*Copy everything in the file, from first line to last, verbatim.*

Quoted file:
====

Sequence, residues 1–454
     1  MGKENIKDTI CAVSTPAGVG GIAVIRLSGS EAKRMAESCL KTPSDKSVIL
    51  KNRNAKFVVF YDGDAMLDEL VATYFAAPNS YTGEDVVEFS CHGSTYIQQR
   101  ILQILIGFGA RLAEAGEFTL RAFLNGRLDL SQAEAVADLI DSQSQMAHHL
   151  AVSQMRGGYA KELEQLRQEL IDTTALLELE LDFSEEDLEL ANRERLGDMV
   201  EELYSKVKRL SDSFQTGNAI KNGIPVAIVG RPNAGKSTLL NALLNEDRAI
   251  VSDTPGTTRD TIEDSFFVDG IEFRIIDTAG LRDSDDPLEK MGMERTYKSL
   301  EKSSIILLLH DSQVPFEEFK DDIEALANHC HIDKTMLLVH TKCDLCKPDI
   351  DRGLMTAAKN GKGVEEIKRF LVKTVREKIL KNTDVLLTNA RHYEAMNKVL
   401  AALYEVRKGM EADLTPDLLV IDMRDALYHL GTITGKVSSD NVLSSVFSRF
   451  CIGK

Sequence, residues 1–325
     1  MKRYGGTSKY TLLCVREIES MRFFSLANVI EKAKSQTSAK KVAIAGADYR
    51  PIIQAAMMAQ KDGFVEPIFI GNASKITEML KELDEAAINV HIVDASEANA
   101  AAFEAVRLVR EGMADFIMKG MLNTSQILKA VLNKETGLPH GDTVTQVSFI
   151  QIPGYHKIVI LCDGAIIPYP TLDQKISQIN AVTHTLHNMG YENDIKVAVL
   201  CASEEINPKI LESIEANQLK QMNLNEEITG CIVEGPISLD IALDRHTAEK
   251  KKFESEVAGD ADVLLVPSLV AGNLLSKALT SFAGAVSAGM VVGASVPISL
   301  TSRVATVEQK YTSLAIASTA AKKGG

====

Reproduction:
Sequence, residues 1–454
     1  MGKENIKDTI CAVSTPAGVG GIAVIRLSGS EAKRMAESCL KTPSDKSVIL
    51  KNRNAKFVVF YDGDAMLDEL VATYFAAPNS YTGEDVVEFS CHGSTYIQQR
   101  ILQILIGFGA RLAEAGEFTL RAFLNGRLDL SQAEAVADLI DSQSQMAHHL
   151  AVSQMRGGYA KELEQLRQEL IDTTALLELE LDFSEEDLEL ANRERLGDMV
   201  EELYSKVKRL SDSFQTGNAI KNGIPVAIVG RPNAGKSTLL NALLNEDRAI
   251  VSDTPGTTRD TIEDSFFVDG IEFRIIDTAG LRDSDDPLEK MGMERTYKSL
   301  EKSSIILLLH DSQVPFEEFK DDIEALANHC HIDKTMLLVH TKCDLCKPDI
   351  DRGLMTAAKN GKGVEEIKRF LVKTVREKIL KNTDVLLTNA RHYEAMNKVL
   401  AALYEVRKGM EADLTPDLLV IDMRDALYHL GTITGKVSSD NVLSSVFSRF
   451  CIGK

Sequence, residues 1–325
     1  MKRYGGTSKY TLLCVREIES MRFFSLANVI EKAKSQTSAK KVAIAGADYR
    51  PIIQAAMMAQ KDGFVEPIFI GNASKITEML KELDEAAINV HIVDASEANA
   101  AAFEAVRLVR EGMADFIMKG MLNTSQILKA VLNKETGLPH GDTVTQVSFI
   151  QIPGYHKIVI LCDGAIIPYP TLDQKISQIN AVTHTLHNMG YENDIKVAVL
   201  CASEEINPKI LESIEANQLK QMNLNEEITG CIVEGPISLD IALDRHTAEK
   251  KKFESEVAGD ADVLLVPSLV AGNLLSKALT SFAGAVSAGM VVGASVPISL
   301  TSRVATVEQK YTSLAIASTA AKKGG